A summer's evening in Amsterdam and two couples meet at a fashionable restaurant. Between mouthfuls of food and over the delicate scraping of cutlery, the conversation remains a gentle hum of politeness - the banality of work, the triviality of holidays. But the empty words hide a terrible conflict and, with every forced smile and every new course, the knives are being sharpened... Each couple has a fifteen-year-old son. Together, the boys have committed a horrifying act, caught on camera, and their grainy images have been beamed into living rooms across the nation; despite a police manhunt, the boys remain unidentified - by everyone except their parents. As the dinner reaches its culinary climax, the conversation finally touches on their children and, as civility and friendship disintegrate, each couple shows just how far they are prepared to go to protect those they love.
The Dinner was a disappointment. I had been looking forward to reading this novel for several months, it just sounded so creepy that I was sure I was going to get sucked into it like I got sucked into Night Film.
I think that The Dinner failed on three levels. It failed to engage, there were no sympathetic characters and it dragged.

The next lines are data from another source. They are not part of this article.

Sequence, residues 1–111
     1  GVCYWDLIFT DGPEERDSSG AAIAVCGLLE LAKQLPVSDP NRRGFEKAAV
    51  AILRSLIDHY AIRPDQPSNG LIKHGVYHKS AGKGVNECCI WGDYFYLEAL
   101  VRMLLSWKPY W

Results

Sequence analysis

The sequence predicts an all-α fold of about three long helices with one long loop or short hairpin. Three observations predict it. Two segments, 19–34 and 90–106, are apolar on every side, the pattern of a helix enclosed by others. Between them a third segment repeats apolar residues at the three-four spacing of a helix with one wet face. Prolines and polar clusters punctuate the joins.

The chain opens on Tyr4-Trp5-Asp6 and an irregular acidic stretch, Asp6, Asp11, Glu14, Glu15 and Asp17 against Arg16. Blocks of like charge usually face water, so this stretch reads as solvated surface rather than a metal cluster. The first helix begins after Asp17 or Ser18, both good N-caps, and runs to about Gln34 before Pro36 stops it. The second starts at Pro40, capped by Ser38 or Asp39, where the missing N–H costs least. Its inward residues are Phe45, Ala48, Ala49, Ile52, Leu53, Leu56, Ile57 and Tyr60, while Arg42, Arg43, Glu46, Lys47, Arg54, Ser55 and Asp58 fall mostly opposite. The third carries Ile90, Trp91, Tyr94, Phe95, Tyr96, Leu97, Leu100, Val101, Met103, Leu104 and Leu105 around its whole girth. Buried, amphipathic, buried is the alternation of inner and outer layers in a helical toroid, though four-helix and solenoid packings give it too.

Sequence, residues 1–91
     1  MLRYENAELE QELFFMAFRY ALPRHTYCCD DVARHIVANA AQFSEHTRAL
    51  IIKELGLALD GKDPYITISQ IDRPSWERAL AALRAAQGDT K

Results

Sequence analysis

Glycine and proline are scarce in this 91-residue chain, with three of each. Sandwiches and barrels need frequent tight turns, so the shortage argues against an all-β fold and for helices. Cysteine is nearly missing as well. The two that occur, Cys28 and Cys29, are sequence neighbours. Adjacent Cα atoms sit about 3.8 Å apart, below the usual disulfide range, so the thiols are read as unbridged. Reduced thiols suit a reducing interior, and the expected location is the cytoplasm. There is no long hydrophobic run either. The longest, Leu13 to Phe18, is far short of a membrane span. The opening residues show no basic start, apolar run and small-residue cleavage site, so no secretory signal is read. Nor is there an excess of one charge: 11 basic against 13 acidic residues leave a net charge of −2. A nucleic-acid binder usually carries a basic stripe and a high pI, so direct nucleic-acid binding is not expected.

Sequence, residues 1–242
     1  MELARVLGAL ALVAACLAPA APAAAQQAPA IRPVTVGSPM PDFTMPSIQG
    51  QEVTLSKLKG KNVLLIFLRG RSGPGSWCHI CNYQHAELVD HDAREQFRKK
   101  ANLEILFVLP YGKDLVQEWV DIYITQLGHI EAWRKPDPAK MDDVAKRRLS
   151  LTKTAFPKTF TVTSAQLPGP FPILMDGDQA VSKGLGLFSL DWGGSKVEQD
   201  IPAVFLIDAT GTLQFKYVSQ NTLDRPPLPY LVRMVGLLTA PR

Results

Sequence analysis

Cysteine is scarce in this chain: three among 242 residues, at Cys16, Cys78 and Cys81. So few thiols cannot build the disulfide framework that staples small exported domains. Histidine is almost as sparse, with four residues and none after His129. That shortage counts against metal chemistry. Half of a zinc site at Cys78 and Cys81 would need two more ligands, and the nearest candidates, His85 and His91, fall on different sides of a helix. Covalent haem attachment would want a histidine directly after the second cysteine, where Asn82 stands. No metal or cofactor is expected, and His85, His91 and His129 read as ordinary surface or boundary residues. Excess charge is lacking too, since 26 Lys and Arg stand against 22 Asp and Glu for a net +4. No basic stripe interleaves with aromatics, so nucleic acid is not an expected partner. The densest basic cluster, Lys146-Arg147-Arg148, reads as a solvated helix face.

For me to truly enjoy a book, any book...I need to feel as though I am in the story, either as an observer or an active participant. To do this, I need to be able to "see" what's going on. I need details, even if they are minor. I need to know back stories. Herman Koch is a coy story teller. He purposely leaves out identifying landmarks, details about the character's back stories. The audience is held at an arms length, and so I stayed impartial. At first I tried to fill in those details, in an attempt to get into the story...but after awhile I gave up. By the time I reached the end and the big reveal...I just did not care.
Another way for me to enjoy a story, is to give me a character to root for. I don't have to like that character, but despite their flaws and unlikable qualities...there still needs to be a reason to want that character to succeed (even if they succeed in failing). There were no such characters in The Dinner. They were bland or plain did not have any redeeming qualities. I wanted to like them, or love to hate them...but I just couldn't find myself caring a about them one way or another.
Finally, the story itself dragged. For a writer who was so coy about leaving out identifying details, this story took it's sweet time getting to the climax. By the time I got to the climax I just could not muster up the proper feelings to be shocked or horrified. I could only ask myself whether I was suppose to care.
While writing this review, I debated with myself whether to give this book two or three stars. My first reaction was to give this three stars, as on the surface, it seemed like a decent book. I've read some truly dreadful books that I normally reserve one or two stars for...but as I wrote this review and realized just how far connected I felt...I realized that although on a technical level this was a solid three star read...however, on a personal level it failed so just could not justify giving it three stars.